Contractor saw setup - motor mounting

Pardon my lack of knowledge here, this is my first 'real' piece of woodworking equipement. I spent a better part of my weekend setting up my new General Int. 50-185. I'm still not 100% happy with the straightness of one of the wings but I had to push on. I mounted the motor and fired it up and was extremely pleased at how quiet it is. I was also suprised at how little vibration I felt (maybe my expectations were to low ;-). But when I shut it off I was concerned that when the motor finally went to stop spinning it seemed to bounc quite a bit. This made me think back to how I had set it up. It seems like the motor is essentially hanging off the saw by the pully/belt. Is that really installed correctly? The manual is probably good for an experienced person but just isn't detailed enough for me. Seems like a lot of weight pulling on it.
If I have installed it correctly, will the bouncing be fixed by better aligning the pulleys and perhaps a link belt?
Thanks
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DSnail asks:

It's designed thataway. It shouldn't bounce excessively, though.

The manual should have told you to align the pulleys. Use a straightedge and do it now.
A link belt is almost always a help in smoothing out a contractor's saw.
Charlie Self "When you appeal to force, there's one thing you must never do - lose." Dwight D. Eisenhower
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I second your link-belt recommendation Charlie. Best thing I ever did for my own CS...
Charlie Self wrote:

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I also recently purchased G.I. 50-185. The bouncing motor problem was completely cured by installing a link belt--in fact, the saw now passes the nickel test from start-up to shut-down! Be advised that the belt you need is 3/8 inch wide, not 1/2 that you find on many other saws. Grizzly carries both sizes.
It's a pretty decent saw, however I am experiencing a blade alignment problem that you should check for. The blade progressively moves out of parallel (to the miter track and therefore the fence) when either raising/lowering or tilting the blade to the tune of about 0.030. This is unacceptable to me, even for a Taiwanese-produced C.S. G.I. has acknowledged the problem and the dealer has agreed to replace the saw, however, I am still waiting for one to become available. I'd be interested to know if you or anyone else here have experienced this problem with the G.I. 50-185.

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Thanks for your repsonses - everyone. I went to the local Woodcraft last night in search of a link belt but saw that they only carried the 1/2". I then ordered the 3/8" from Grizzly. I had already read a thread in the group about the 1/2" - 3/8" issue.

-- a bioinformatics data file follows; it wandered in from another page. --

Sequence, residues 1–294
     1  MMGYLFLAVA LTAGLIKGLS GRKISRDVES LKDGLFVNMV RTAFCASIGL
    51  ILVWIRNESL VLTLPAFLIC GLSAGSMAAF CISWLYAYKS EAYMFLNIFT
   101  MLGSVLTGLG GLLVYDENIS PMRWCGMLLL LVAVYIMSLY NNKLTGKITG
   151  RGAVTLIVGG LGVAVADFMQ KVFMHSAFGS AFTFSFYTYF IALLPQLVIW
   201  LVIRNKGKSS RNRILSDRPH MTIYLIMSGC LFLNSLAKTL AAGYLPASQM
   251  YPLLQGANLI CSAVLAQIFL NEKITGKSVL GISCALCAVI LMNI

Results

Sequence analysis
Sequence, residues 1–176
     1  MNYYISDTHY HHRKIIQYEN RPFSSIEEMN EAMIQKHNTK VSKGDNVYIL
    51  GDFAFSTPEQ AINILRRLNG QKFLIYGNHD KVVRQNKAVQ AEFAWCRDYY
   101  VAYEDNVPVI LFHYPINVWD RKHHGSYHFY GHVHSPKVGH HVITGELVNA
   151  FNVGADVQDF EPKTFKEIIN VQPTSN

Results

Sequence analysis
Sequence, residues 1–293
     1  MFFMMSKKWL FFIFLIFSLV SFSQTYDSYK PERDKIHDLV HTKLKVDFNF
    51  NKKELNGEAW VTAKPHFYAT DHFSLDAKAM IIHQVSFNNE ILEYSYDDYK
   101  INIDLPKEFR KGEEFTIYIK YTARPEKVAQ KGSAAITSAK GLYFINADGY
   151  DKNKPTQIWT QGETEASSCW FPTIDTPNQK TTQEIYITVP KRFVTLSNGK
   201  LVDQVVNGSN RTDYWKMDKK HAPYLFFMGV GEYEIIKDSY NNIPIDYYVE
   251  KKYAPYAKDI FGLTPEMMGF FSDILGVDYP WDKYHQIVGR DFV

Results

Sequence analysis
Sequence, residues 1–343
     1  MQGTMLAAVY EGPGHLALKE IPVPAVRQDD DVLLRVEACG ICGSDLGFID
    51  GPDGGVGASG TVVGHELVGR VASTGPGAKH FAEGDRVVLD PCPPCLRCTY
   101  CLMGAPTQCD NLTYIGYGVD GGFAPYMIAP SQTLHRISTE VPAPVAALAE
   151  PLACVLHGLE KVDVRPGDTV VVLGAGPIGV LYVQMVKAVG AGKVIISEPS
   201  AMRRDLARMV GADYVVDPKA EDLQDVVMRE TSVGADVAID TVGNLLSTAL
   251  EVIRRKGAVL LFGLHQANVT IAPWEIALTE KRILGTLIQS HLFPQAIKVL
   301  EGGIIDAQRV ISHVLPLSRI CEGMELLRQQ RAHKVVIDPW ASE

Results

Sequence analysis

I actually do not have the saw completely setup. It took me forever to get the second wing straight. And I found the "cosmoline" removal to be a royal PITA. I'm not event sure it is all off - wings seem kind of marred.
I purchased "The table Saw Book" before the table saw and am trying to follow that as much as possible but I don't have >$100 straight edge ;-) or any of the other instruments.
I will push on with the fence/mitre track. Without additional instruments/knowledge I doubt I'll be able to answer your question about your problem. However, I'd like to know if mine as any problems sooner rather than later. I purchased the General because of the great review in FW. I was hoping that would give me the quality tool while my knowledge was lacking. But now I've read about the twisted table tops, your problem, etc. Has me a little worried. Probably won't find out until it matters and it is too late :-(
Much thanks

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DSnail writes:

You don't need one. Get a good 2' or 4' level. I use a brass bound mason's level to do most set-ups. Treat the level edges and flats with some care. The same level has worked for a decade and set-ups have been fine. After that, a good dial indicator and magnetic base. By good, I mean consistent. Right now, Lee Valley has the set on their site for $31.50. Even with shipping, that's a hard to beat price.
Charlie Self "When a stupid man is doing something he is ashamed of, he always declares that it is his duty." George Bernard Shaw, Caesar and Cleopatra (1901)
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